Virginia Albrecht (explore the Clean Water Timeline), dressed in a black double knit pantsuit and wearing small gold earrings, makes her way to the dais at the front of a large room in the law offices of Hunton & Williams, where she works. She is one of the last to arrive and has missed most of the small talk but waves to half a dozen colleagues as she crosses the front of the room, where she will lecture on the complexities of getting permits for building and other industry projects under the Clean Water Act.
Before the conference begins, Albrecht, 69, leans into the woman next to her as though she is consoling her. Fifteen minutes later, “Ginna,” as her friends call her, seems surprised when she is called on to talk, as though she does not think it is her turn yet. But she breezes through her lecture, in a plainspoken, this-really-isn’t-as-complicated-as-it-seems manner. Continue reading Virginia Albrecht: Undermining the Clean Water Act – Drop by Drop
A unanimous Supreme Court ruling yesterday in favor of Mike and Chantell Sackett marks a significant victory for private property advocates. It also represents one of the biggest wins for the Pacific Legal Foundation (PLF) in its 30-year history as a nonprofit law firm working to rollback environmental laws and advance a broad conservative agenda.
After natural gas drilling began near their rural homes about 30 miles southwest of Pittsburgh, Carol Moten and her neighbors noticed that their well water began to smell. Then came the headaches, skin lesions, and diarrhea, in household after household. A two-year-old dog fell over dead.
“We’re talking about little children that have nosebleeds, cats that fall off windowsills,” she said.
Virginia is the home of many historic Revolutionary and Civil War battlefields. But today, conflicts are being fought in a different forum. The question of whether to lift Virginia’s moratorium on uranium mining is shaping up to be one of the biggest battles in the General Assembly next year.
A recent TEEB for Business report estimated that the world’s 100 largest corporations do $7.3 trillion in damages each year to the global environment. These “externalized” costs are not borne by the business itself, but by society as a whole. Changing the way that corporations do business is critical to solving global environmental crises such as climate change. In the book Corporation 2020, Pavan Sukhdev presents a vision of how » read more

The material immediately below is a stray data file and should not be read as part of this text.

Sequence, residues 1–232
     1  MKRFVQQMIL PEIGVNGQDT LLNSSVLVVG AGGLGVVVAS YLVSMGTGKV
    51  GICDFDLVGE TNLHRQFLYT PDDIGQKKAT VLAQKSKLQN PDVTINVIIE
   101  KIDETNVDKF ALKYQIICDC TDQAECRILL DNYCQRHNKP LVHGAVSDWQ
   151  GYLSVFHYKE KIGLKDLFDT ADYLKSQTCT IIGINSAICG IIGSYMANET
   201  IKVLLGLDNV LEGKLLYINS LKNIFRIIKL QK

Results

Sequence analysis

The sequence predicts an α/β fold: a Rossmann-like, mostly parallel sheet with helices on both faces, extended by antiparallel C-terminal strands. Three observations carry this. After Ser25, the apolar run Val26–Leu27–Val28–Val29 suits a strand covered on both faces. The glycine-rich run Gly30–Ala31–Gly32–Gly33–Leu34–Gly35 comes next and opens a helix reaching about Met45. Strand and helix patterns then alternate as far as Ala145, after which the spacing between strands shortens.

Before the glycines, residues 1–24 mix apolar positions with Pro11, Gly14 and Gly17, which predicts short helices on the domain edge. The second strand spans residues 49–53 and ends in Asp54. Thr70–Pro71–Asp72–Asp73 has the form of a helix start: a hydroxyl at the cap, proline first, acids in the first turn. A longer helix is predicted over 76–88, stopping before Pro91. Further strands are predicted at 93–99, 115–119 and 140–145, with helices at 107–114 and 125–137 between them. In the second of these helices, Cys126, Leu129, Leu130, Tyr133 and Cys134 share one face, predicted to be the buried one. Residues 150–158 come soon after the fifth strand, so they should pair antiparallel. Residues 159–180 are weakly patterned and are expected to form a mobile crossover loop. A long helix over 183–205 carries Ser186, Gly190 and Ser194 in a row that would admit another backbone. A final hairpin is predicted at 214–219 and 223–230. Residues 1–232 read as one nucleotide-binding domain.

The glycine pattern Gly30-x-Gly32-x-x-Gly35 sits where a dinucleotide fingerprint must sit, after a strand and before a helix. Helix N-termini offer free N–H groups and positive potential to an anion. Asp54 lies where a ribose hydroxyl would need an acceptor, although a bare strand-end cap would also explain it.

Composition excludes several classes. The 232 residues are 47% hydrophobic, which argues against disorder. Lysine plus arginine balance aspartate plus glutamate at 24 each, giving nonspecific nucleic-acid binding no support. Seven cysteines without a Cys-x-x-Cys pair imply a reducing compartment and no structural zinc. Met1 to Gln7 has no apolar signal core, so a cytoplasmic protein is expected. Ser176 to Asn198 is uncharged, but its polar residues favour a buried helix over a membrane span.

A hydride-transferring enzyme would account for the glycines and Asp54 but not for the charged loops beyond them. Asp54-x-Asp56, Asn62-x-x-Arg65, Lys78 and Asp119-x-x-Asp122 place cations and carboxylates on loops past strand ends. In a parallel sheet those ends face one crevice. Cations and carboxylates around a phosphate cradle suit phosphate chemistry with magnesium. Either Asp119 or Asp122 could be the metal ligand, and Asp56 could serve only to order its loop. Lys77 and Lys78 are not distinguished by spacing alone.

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On DCBureau are a story and timeline about the history of the Clean Water Act and the efforts to undermine it. Together they show an incremental, well-funded, organized campaign to weaken the law. On the 40th Anniversary of the Act, it is important to remember that environmental laws enjoyed bipartisan support for years. Weakening environmental regulations through the Congress and courts will have lasting, irreversible results.
Read in The New York » read more
A new web documentary quotes security experts as saying the Savannah River Site, where massive amounts of weapons-grade plutonium and other dangerous substances are stored, is vulnerable to a terrorist attack that could have dire consequences for the entire southeastern United States. The documentary reveals the Site is guarded by a foreign-owned firm with a checkered security record. The radioactive material is stored in aging buildings. The small private guard force » read more
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